Remy’s Story

Remy (30) is an asylum seeker who fled the Democratic Republic of Congo (DRC) in 2002. This is his story:

© Waldo Swiegers

“I am eldest child and I have eight younger brothers and a sister back in DRC. Life was difficult for us. I saw my family suffering without having anything, no food on our table. I would throw myself into the sea if that meant finding a means for them to survive and get a better life. So that is how I began my journey … ” Remy explains.

Even though the war in DRC has come to an end, there are still regions where high insecurity prevails with the presence of many armed groups waging low intensity wars.

“I tried my level best. I even tried joining the army because it was easy. If you go into the army then you know that you are going to get a salary that is going to at least sustain you. But it didn’t work out for me because I wasn’t born to do that. I saw that it wasn’t really working out for me. So, that is when I decided to leave.”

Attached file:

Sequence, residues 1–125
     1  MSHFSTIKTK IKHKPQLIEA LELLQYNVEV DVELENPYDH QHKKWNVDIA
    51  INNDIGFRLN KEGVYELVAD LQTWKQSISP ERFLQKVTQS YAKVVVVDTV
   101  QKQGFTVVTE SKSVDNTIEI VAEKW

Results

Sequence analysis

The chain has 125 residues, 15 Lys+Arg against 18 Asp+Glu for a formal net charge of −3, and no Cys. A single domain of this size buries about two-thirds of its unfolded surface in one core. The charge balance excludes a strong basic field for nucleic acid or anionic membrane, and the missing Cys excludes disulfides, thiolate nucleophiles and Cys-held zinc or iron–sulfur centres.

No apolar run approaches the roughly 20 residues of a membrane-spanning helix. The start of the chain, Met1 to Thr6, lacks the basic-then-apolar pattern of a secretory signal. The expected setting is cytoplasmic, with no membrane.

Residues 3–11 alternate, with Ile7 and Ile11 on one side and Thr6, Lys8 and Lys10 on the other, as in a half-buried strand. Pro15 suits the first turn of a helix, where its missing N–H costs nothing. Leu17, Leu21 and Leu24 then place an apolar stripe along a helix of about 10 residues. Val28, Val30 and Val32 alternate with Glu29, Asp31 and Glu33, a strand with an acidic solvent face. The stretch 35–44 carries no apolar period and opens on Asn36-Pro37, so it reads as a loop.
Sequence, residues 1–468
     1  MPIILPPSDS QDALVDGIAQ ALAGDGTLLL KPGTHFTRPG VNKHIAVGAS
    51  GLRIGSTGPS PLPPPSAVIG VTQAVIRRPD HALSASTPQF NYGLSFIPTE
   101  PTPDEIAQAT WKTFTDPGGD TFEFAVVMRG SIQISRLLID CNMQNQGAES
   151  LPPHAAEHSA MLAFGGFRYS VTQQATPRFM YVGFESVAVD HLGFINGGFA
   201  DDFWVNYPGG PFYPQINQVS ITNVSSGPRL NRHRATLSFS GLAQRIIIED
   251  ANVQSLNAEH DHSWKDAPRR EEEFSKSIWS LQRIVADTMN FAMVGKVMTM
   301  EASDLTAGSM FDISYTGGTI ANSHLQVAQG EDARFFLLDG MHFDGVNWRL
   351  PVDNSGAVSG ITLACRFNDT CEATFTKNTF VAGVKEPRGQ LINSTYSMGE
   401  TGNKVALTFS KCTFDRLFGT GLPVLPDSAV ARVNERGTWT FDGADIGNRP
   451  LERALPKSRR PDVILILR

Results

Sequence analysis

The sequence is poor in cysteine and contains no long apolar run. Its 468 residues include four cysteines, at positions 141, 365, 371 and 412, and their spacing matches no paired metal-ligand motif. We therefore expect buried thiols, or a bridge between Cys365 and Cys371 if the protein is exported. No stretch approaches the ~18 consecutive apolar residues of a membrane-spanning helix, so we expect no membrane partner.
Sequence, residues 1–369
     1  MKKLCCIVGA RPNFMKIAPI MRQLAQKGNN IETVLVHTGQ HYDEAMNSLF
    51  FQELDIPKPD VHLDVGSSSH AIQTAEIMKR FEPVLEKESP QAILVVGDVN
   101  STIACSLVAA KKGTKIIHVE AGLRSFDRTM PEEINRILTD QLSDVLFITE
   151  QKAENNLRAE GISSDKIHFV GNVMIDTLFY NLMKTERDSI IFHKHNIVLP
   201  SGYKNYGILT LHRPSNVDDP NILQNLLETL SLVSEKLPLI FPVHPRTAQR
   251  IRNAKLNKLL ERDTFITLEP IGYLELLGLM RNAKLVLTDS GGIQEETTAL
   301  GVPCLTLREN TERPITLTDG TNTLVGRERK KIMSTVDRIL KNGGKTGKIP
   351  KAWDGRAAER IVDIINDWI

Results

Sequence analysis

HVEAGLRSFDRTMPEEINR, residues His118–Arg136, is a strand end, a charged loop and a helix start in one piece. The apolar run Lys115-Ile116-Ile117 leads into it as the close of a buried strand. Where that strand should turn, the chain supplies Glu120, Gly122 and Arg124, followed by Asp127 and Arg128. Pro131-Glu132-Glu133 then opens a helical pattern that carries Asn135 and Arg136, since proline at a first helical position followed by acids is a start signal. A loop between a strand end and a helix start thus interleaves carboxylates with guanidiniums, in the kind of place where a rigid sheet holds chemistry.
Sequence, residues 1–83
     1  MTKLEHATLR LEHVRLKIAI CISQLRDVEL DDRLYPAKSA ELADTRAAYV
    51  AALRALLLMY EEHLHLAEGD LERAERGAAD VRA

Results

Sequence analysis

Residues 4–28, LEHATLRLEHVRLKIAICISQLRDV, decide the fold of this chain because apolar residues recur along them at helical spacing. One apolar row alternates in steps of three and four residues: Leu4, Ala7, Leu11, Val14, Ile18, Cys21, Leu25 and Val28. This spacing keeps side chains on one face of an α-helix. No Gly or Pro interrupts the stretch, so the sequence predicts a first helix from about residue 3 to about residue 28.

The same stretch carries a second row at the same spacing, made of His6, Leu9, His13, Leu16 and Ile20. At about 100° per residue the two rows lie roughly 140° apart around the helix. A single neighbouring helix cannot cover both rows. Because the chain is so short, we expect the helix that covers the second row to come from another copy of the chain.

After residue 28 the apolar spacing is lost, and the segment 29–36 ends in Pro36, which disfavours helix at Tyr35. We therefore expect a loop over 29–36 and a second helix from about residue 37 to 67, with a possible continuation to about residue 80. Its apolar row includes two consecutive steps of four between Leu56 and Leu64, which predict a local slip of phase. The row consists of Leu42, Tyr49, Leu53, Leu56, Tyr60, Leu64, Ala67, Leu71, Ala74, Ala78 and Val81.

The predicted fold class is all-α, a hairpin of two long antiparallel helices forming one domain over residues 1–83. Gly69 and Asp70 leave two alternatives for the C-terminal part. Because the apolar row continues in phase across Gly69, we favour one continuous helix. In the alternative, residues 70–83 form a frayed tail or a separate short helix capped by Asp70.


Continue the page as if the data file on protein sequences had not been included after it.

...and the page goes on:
As Remy was about to embark on his long journey through Zambia, Botswana and Zimbabwe, he caught malaria and fell very ill. He had no option to get treatment during the journey.

“In the DRC if you don’t have money, you don’t have access to proper healthcare. From the beginning until my arrival here I suffered with malaria,” he says.

© Waldo Swiegers

Coming to South Africa was hard, not speaking English or any South African language which would have made it possible to seek healthcare or assistance. “It was tough for me to also start picking up my life, to stand on my own feet. I had nothing here – no family, no friends or anyone who could help me,” Remy explains.

After a period of stability Remy was caught up in the wave of violence during the xenophobic attacks of 2008. He had to flee when armed mobs raided the neighbourhood where he lived, seeking refuge at a local police station and then later in displacement camps where xenophobic threats continued.

“The xenophobic attacks, have been the worst part of my stay in South Africa. It was terrible to see my fellow African brothers trying to throw us out. They told us we didn’t belong here and that we had to go back to our own countries – driving us away from the community, away from the city, away from where we used to live, it was a very bad experience.”

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